Historical Buddhist Temple in Ceylon (Sri Lanka)

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Historical Buddhist Temple in Ceylon (Sri Lanka). Buddhist Temple in Ceylon (Sri Lanka), Sri Lanka is also a multi-religious country. 70% are Buddhists, most of whom follow the Theravada school of Buddhism. Buddhism was introduced to Sri Lanka in the 2nd century BCE by Venerable Mahinda. A sapling of the Bodhi Tree under which the Buddha attained enlightenment was brought to Sri Lanka during the same time.

Historical Buddhist Temple in Ceylon (Sri Lanka)

The Pali Canon (Thripitakaya), having previously been preserved as an oral tradition, was first committed to writing in Sri Lanka around 30 BCE. Sri Lanka has the longest continuous history of Buddhism of any predominately Buddhist nation, with the Sangha having existed in a largely unbroken lineage since its introduction in the 2nd century BCE. During periods of decline, the Sri Lankan monastic lineage was revived through contact with Thailand and Burma. Buddhism is given special recognition in the Constitution which requires Sri Lankan to “protect and foster the Buddha Sasana”.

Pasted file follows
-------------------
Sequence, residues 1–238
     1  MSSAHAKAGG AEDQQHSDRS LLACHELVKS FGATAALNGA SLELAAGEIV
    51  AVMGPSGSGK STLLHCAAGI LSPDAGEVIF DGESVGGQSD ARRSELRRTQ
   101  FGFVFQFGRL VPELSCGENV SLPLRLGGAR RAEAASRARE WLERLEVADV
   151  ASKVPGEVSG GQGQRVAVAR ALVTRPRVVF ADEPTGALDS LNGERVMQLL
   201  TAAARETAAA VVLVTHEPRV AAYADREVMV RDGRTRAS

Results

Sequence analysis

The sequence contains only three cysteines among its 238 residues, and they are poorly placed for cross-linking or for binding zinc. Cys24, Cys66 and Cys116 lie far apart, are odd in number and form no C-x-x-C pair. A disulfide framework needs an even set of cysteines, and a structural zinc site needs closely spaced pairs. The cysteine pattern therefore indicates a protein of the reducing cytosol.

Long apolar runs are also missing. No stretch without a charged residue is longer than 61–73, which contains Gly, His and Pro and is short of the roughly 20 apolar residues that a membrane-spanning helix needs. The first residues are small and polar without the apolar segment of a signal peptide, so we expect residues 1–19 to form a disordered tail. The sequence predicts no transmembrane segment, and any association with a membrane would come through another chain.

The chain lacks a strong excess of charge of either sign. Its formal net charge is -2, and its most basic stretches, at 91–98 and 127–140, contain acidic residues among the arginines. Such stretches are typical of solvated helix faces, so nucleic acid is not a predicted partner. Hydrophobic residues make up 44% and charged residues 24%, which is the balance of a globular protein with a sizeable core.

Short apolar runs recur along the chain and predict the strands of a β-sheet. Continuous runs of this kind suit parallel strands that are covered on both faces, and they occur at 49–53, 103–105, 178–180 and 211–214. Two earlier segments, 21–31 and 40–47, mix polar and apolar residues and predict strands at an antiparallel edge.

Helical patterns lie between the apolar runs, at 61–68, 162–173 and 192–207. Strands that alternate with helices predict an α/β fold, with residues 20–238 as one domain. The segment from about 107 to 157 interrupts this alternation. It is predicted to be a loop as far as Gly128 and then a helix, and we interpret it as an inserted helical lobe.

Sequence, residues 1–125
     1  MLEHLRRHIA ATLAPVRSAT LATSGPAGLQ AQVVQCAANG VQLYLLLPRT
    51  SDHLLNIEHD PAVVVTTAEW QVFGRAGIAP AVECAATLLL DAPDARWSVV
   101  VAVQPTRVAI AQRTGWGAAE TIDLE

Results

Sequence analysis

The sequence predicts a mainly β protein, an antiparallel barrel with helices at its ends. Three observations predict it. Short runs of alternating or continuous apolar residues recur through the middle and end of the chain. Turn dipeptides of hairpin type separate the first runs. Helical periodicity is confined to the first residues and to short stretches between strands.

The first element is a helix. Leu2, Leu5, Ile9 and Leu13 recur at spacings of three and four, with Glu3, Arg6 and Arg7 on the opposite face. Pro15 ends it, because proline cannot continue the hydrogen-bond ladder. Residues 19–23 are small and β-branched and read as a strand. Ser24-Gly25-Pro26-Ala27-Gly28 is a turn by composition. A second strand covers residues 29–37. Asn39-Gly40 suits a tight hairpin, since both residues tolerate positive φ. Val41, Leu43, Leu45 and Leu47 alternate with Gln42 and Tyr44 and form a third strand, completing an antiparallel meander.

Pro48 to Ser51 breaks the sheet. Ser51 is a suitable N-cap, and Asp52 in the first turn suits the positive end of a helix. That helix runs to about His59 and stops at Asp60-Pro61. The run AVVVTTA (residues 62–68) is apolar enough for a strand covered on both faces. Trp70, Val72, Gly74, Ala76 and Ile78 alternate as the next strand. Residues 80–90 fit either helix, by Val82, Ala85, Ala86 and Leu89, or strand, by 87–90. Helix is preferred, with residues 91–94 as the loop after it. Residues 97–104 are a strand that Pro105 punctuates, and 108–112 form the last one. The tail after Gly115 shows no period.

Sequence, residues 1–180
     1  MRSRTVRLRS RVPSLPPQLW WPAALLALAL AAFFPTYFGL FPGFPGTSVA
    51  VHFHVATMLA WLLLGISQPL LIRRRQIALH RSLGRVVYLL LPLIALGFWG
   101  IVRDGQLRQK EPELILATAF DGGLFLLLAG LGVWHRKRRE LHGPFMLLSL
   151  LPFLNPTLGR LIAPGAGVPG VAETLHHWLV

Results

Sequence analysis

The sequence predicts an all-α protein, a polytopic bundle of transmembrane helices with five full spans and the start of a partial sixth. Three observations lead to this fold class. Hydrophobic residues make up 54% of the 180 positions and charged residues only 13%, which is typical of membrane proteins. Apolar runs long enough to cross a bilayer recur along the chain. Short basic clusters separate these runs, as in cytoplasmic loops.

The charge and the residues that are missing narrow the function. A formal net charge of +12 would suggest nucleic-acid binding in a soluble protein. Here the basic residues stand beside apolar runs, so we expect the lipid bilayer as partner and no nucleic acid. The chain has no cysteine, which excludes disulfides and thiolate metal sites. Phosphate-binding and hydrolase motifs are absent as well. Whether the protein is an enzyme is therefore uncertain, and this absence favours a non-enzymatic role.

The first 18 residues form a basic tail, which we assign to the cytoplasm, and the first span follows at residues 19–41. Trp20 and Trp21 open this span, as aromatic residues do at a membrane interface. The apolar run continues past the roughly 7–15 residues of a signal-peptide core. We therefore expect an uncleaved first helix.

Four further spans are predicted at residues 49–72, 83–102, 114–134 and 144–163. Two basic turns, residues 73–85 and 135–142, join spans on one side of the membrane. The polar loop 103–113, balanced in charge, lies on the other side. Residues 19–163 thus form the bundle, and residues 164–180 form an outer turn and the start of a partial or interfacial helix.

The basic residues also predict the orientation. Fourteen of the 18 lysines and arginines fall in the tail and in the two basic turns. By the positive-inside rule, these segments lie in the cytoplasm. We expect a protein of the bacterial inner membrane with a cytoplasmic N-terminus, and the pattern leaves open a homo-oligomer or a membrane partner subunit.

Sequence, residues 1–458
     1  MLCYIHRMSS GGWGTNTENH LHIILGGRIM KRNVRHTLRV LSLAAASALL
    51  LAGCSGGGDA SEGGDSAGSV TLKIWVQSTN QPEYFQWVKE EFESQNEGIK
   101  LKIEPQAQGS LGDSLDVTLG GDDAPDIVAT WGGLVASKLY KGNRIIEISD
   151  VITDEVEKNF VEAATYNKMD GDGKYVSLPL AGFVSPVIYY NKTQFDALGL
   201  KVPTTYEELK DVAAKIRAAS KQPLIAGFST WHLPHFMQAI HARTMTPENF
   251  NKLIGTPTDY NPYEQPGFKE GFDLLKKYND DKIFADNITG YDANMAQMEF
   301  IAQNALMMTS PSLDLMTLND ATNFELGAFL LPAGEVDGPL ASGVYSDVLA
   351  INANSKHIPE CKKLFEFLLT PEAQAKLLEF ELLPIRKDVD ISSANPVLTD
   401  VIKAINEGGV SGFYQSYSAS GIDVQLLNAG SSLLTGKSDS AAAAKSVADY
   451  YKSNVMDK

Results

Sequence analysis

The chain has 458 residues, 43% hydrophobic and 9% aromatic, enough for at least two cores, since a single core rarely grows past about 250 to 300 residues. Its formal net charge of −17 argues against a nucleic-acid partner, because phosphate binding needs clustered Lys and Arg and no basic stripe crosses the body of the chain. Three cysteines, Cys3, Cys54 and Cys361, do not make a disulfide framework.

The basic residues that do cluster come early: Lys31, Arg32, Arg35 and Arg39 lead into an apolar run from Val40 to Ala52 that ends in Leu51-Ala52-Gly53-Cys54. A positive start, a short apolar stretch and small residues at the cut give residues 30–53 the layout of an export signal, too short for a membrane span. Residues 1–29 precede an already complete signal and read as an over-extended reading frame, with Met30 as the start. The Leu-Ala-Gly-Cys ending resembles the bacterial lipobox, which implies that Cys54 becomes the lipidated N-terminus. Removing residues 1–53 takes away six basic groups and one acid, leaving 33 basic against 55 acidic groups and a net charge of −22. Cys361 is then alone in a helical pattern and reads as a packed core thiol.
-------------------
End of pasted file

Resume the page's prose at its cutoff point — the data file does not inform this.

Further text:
The history of Buddhism in Sri Lanka begins with the Emperor Ashoka of India (304 – 232 BCE). Ashoka the Great was a patron of Buddhism, and when King Tissa of Ceylon sent an emissary to India, Ashoka seized the opportunity to put in a good word about Buddhism to the King.

Without waiting for a reaction from King Tissa, the Emperor sent his son Mahinda and his daughter Sanghamitta — a monk and a nun — to Tissa’s court. Soon the King and his court were converted.

For several centuries Buddhism flourished in Ceylon. Travelers reported many thousands of monks and magnificent temples. The Pali Canon was first written in Ceylon. In the 5th century, the great Indian scholar Buddhaghosa came to Ceylon to study and write his famous commentaries. Beginning in the 6th century, however, political instability within Ceylon combined with invasions by the Tamils of southern India caused support for Buddhism to decline.

From the 12th through 14th centuries Buddhism regained much of its former energy and influence. Then it faced its greatest challenge — Europeans.

Hinduism is the second most prevalent religion in Sri Lanka and predates Buddhism. Today, Hinduism is dominant in Northern, Eastern and Central Sri Lanka.

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